I always thought Forest Gump took a good poke at Hollywood's penchant for revising history. Maybe that should be the standard given that it actually won best picture but Hollywood takes itself too seriously most of the time. Compsite or fictional characters worked well in Saving Private Ryan but the message didn't fare well with the Academy when up against Shakespeare in Love (there's that Shakespeare thing again)!

As long as there are screen writers and directors in Hollywood, there will be a glaring need for history education everywhere else. Good luck, Betsy!

PatD said...

The movie obscures some real questions about the authorship.

"Shakespeare's Unorthodox Biography: New Evidence of an Authorship Problem (Contributions in Drama and Theatre Studies)" by Diana Price passed peer review. It dissects Shakespeare's biography and finds that, compared to his lesser known contemporaries, Shakespeare left no contemporaneous personal evidence to support the claim that he wrote for a living. There is no record of him being paid for something he wrote. There is no manuscript in his hand. No one ever wrote to him or received letters from him. The list goes on, yet Shakespeare never appears. He is well documented by the standards of the era. His career as a money-lender, theatrical entrepreneur, property-owner and family man is easily documented. Price conjectures, based on strong contemporaneous evidence, that Shakespeare was a play-broker who had access to a corpus created by a person of rank.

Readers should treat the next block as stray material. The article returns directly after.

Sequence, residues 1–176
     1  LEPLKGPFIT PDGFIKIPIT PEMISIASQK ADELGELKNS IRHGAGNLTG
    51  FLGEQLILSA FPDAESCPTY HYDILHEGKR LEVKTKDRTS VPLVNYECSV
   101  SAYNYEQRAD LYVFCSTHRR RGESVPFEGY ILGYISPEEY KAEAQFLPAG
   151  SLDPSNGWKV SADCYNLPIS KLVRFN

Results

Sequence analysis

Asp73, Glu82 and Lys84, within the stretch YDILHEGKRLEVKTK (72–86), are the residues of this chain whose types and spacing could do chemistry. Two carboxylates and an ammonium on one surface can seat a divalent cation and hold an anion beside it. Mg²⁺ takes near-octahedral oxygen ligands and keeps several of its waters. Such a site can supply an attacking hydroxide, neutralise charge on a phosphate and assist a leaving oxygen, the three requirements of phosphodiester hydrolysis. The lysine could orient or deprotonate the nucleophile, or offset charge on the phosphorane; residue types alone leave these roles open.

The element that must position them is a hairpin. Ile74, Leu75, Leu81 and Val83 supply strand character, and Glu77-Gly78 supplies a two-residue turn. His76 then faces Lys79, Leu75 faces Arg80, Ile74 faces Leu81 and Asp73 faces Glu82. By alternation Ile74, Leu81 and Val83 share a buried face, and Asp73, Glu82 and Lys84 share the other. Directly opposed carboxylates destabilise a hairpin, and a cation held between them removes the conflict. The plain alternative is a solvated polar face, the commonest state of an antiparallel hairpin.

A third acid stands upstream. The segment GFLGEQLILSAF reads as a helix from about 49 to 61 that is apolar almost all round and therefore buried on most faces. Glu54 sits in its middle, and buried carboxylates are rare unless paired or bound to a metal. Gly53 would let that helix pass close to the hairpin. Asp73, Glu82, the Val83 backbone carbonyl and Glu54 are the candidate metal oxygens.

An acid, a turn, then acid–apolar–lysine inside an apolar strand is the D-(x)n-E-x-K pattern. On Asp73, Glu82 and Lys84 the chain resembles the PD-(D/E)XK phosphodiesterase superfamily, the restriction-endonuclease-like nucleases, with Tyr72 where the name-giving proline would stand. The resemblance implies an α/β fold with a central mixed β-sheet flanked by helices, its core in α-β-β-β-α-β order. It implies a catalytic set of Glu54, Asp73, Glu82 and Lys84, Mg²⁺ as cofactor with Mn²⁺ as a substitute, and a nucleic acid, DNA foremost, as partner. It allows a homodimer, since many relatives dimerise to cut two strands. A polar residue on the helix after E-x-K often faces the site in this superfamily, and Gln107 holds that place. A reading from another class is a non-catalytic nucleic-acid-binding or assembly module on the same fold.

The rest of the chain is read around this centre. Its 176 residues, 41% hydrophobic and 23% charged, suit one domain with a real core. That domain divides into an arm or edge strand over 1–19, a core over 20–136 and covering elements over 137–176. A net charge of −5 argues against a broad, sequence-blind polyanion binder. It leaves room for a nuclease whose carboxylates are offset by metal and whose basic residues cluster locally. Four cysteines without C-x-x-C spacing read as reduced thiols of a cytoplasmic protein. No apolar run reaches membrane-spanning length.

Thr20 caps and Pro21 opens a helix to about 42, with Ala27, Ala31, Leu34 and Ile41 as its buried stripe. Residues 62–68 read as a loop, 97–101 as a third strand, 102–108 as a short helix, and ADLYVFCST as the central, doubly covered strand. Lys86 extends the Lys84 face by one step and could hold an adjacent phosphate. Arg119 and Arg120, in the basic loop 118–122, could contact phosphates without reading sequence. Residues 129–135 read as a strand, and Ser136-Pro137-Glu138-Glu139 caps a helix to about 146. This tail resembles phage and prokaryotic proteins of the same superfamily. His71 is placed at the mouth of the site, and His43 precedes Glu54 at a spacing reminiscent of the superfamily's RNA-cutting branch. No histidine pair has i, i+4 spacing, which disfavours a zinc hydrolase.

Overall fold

"The Shakespeare Guide to Italy: Retracing the Bard's Unknown Travels" by Richard Paul Roe examines Shakespeare's Italian plays and finds convincing evidence that Shakespeare was intimate with Italian geography and locales. For example, Roe uses Romeo and Juliet as a travel guide, and identifies the sycamore grove and St. Peter's Church, that Shakespeare alone mentions in his retelling of the Romeo and Juliet legend. Both locations still exist in Verona, although the Church is no longer a church.

"Where, underneath the grove of sycamore
That westward rooteth from the city's side,"

Roe's genius was to go to Verona and see if there was a sycamore grove outside the western wall of Verona, and to see if there was a St. Peter's Church within easy reach of Juliet's family home. Shakespeare was right in these two instance and scores more.

Nobody can put William Shakespeare of Stratford in Italy, yet the author of the Italian plays reveals an intimate knowledge of Italy. It is not that he throws around book-knowledge, as Ben Jonson did, but rather, that he slips in references that only make sense if had been there.

Price can be found at Amazon. Roe is due to be published shortly and can be pre-ordered at Amazon.

Disclosure: I am married to Diana Price and we knew the late Richard Roe.